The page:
An easy choice

Investment companies versus single stocks – Ian Cowie gives his verdict.

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Why bother with investment companies when you could just buy shares in individual businesses directly? That question is topical at a time when many newcomers to the stock market are trying to run before they can walk, with day trading all the rage online.

Sad to say, more than a decade since share prices began to trend upward after the global financial crisis, some folk may be over-estimating the rewards and under-estimating the risks of investment. Robinhood, an online American broker, is planning its own initial public offering (IPO) or flotation, despite rising concerns about the “gamification” of investment. The Financial Industry Regulatory Authority recently imposed a record $70m fine on Robinhood for causing “widespread and significant harm” to its clients.

On a brighter note, it’s a quarter of a century since I began to buy shares in investment companies - one of which went on to become my first ‘ten-bagger’ or share whose price soared 10 times or more. So I know from personal experience how investment companies can deliver substantial returns.

However, the flip side of return is risk - or the danger that prices may fall and we might get back less than we put into the stock market. This is an area where investment companies offer important advantages over shares in individual businesses. Investment companies diminish risk by diversification or spreading our money over dozens of different assets to reduce our exposure to setbacks or failure at any one of them.

The principle is the same as not having too many eggs in one basket. If that sounds obvious, then consider how often otherwise successful folk featured in The Sunday Times ‘Fame and Fortune’ interview admit to investing too much in too few individual businesses before they suffered substantial losses and resolved to avoid shares altogether.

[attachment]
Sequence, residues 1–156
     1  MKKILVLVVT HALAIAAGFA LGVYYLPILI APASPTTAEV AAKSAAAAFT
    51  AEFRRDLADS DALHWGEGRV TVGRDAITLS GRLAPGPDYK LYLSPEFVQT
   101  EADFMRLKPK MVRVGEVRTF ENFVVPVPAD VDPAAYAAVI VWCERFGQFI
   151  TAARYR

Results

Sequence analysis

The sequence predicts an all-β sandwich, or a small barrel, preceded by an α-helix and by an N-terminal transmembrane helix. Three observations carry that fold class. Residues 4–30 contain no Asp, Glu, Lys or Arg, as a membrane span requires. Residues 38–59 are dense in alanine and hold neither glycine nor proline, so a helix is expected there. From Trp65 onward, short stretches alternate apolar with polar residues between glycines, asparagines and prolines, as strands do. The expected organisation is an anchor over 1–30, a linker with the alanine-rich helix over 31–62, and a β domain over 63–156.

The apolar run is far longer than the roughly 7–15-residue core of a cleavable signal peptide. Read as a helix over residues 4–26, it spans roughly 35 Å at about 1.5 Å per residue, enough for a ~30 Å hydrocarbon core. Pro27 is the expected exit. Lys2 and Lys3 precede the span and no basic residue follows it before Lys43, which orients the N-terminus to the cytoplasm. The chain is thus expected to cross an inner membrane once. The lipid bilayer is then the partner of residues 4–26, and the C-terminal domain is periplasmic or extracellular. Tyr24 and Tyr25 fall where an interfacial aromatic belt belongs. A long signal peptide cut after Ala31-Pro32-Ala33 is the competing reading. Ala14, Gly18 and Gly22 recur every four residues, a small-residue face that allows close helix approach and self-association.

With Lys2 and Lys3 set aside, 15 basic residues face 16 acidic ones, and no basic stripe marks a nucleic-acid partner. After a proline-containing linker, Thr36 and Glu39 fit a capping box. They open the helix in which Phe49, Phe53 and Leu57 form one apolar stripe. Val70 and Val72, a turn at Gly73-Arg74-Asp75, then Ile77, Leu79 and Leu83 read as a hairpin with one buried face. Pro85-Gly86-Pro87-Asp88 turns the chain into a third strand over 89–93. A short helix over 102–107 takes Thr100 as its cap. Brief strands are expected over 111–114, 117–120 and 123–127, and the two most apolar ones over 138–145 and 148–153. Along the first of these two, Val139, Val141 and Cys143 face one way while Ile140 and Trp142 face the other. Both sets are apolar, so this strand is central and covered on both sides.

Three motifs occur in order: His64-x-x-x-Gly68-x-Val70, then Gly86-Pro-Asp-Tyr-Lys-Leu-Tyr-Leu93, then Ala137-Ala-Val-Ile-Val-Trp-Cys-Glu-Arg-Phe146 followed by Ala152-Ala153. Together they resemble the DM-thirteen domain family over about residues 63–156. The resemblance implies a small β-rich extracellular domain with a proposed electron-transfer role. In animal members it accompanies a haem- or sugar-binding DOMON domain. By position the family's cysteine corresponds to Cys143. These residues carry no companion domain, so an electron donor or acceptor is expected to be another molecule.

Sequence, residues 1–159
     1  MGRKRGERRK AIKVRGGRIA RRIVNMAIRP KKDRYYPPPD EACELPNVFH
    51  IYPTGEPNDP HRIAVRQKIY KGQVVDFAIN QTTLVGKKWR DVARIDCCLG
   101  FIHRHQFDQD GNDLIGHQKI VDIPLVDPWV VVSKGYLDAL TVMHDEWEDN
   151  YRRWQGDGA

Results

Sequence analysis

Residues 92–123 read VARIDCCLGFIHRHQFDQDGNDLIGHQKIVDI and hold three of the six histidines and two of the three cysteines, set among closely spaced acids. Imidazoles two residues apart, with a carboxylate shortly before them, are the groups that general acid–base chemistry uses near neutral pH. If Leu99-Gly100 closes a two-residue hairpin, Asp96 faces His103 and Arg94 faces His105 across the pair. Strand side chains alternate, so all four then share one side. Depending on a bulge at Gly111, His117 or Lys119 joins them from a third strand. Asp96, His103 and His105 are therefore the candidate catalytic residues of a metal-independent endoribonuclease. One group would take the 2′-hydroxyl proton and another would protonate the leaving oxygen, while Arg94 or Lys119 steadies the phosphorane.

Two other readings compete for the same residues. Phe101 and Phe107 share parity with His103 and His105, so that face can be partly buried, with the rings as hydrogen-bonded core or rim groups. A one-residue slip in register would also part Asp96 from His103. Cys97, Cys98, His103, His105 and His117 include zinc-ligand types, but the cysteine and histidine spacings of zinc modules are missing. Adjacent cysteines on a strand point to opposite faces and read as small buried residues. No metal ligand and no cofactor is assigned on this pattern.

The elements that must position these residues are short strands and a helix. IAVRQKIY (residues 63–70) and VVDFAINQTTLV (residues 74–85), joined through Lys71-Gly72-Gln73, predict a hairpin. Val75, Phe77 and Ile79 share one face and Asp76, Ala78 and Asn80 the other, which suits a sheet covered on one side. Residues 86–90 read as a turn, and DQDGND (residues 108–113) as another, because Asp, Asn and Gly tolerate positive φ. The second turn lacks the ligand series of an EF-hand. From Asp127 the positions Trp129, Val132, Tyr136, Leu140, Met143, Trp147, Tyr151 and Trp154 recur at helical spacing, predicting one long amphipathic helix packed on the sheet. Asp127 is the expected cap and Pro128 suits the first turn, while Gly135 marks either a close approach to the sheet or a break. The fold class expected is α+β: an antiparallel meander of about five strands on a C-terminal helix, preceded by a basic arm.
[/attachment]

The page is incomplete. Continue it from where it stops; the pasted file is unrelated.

More positively, investment companies also enable individual investors to gain access to assets trading in markets that may be far away. For example, that ‘ten-bagger’ I mentioned earlier was called Fleming Indian Investment Trust when I invested at 63p per share in June, 1996.

I freely confess that I knew next to nothing about individual Indian businesses back then and know precious little now. But this small DIY investor was optimistic about the opportunity to participate in the economic development of the world’s largest democracy.

Despite all the recent dismal news about the coronavirus and other difficulties, I remain optimistic - not least because the investment company now known as JPMorgan Indian (stock market ticker: JII) is currently trading at 752p. Similarly, other long-term holdings in Baillie Gifford Shin Nippon (BGS), the Japanese smaller companies specialist; BlackRock Latin American (BRLA); and Jupiter Emerging & Frontiers Income (JEFI) - to name three other investment companies in which I am a happy shareholder - provide professionally-managed exposure to markets which trade while I am asleep.

Closer to home, investment companies can also give individual investors a way into specialist sectors which we expect to generate income and/or growth but where it is impractical to select specific shares or businesses. For example, shopping online is rapidly replacing bricks and mortar retail but all those goods bought on the internet need to be stored somewhere before they are delivered to our doors.

Only the largest investor can obtain direct ownership of a warehouse but Aberdeen Standard European Logistics Income (ASLI) is just one of several investment companies that manage a portfolio of such properties. Since I invested at the initial public offering (IPO) less than four years ago, the shares have delivered double-digit capital gains and currently yield dividend income of 4.2 per cent.

Meanwhile, Polar Capital Technology (PCT) and Worldwide Healthcare Trust (WWH) are both among my top 10 holdings by value after I invested more than a decade ago. Despite my cerebral software dating back to the 1950s and lacking any medical qualifications, both these investment companies enable me to benefit from professional stock selection of technology turning science fiction into fact plus life-changing healthcare innovations, such as the coronavirus vaccines.

What all that has boiled down to over the last decade is total returns of 567 per cent from PCT and 475 per cent from WWH, according to independent statisticians at Morningstar. While the latter’s share price is only marginally lower than its net asset value (NAV), the former’s shares are trading 7.8 per cent below their NAV.

Discounts can widen as well as narrow, so there is no guarantee they offer good value, but such apparent potential bargains are another aspect of investment companies that I find attractive. While I have gone on to invest directly in individual businesses’ shares over the years, I continue to value characteristics only investment companies can provide.

I don’t regard these two routes into the stock market as being competitive, so much as complementary. That’s why both comprise my ‘forever fund’ or life savings and allow me to balance the risks and rewards of investment.